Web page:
- improve the proofreading of the book in Wikisource. Hundreds of fixes were made in the book on Wikisource during this phase, so this project benefited both to Wikidata and to Wikisource.
To help checking the data quality, several human-readable reports were created:
- obviously, the list of lexemes to be imported,
- a list of parsing errors (for instance, unrecognized lexical categories),
- letters frequencies (in our case, unigrams and bigrams).
Several lexemes were already present in Wikidata. They were edited before the import to avoid creating duplicates. In our case, we ensured that each lexeme had a statement described by source (P1343) with the value Lexique étymologique du breton moderne (Q19216625) and a qualifier stated as (P1932) with the headword of the corresponding notice in the dictionary (example).
When importing data with a bot into Wikidata, it is mandatory to request a permission. It is a useful process to discuss the import with the community and to gather relevant feedback. In our case, the discussion took place on Wikidata and on the Telegram group dedicated to Wikidata lexicographical data. This step should be started in parallel with the parsing to take the feedback into account early in the development phase.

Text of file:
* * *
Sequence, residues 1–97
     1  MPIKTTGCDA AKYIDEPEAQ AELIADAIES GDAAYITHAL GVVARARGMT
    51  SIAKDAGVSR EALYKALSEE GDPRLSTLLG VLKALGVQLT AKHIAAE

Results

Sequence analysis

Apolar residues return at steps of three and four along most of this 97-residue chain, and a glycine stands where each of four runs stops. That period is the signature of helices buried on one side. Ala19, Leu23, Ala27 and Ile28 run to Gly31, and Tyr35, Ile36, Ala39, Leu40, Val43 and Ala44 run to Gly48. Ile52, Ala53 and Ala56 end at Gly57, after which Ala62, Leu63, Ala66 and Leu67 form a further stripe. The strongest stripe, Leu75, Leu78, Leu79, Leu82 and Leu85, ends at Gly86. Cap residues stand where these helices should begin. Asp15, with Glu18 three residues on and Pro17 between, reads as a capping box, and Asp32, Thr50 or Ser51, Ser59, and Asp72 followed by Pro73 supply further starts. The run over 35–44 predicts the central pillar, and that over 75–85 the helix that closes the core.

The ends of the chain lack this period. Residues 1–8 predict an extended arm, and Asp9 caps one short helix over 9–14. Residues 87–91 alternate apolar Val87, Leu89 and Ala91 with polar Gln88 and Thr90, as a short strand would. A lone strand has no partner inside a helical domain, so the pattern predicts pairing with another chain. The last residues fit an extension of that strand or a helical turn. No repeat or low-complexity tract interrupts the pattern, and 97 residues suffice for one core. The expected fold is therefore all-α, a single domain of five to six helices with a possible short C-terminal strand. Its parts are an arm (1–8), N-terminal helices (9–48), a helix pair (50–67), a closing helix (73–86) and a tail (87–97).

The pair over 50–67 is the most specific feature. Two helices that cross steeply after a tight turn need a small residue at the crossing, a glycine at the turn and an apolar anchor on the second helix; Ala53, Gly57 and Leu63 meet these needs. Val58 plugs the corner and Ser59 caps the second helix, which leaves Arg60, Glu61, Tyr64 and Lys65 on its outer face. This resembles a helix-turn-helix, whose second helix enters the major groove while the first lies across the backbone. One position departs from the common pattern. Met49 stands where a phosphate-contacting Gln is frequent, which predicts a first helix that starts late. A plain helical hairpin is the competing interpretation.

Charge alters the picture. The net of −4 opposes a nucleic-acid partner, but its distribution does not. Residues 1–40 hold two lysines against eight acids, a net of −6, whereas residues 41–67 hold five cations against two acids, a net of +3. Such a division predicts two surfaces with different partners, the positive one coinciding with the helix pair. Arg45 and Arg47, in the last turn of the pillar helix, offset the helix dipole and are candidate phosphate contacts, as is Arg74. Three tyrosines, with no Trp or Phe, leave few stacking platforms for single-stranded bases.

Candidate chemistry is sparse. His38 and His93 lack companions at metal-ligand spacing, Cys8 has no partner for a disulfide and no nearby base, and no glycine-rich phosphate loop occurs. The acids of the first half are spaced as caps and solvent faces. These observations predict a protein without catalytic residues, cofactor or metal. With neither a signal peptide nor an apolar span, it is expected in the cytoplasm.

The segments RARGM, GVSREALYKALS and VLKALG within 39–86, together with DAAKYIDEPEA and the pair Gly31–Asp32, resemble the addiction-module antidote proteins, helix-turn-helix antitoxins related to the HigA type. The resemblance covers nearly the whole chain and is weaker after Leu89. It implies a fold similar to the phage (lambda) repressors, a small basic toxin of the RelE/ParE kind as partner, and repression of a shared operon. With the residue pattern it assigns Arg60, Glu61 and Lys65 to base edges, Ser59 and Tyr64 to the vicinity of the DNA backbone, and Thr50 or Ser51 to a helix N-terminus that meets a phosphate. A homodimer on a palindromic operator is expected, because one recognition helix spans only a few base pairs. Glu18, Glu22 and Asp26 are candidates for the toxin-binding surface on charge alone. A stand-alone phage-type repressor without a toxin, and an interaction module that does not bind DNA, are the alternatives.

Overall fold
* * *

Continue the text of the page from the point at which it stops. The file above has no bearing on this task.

Once it was considered that the quality of the parsed data was good enough, first edits were made on Wikidata. It allowed to fix a few bugs and to finish the permission process.
The main import took place at the beginning of January 2022, with more than 3,700 lexemes created.
Fixes and enhancements
It was evaluated that it was too difficult to properly import several things, so the imported data is not perfect. There is no obvious errors, but there is still work to do, like senses and etymology. This work is of course collaborative. For instance, you can work on lexemes from the import that still don’t have any sense.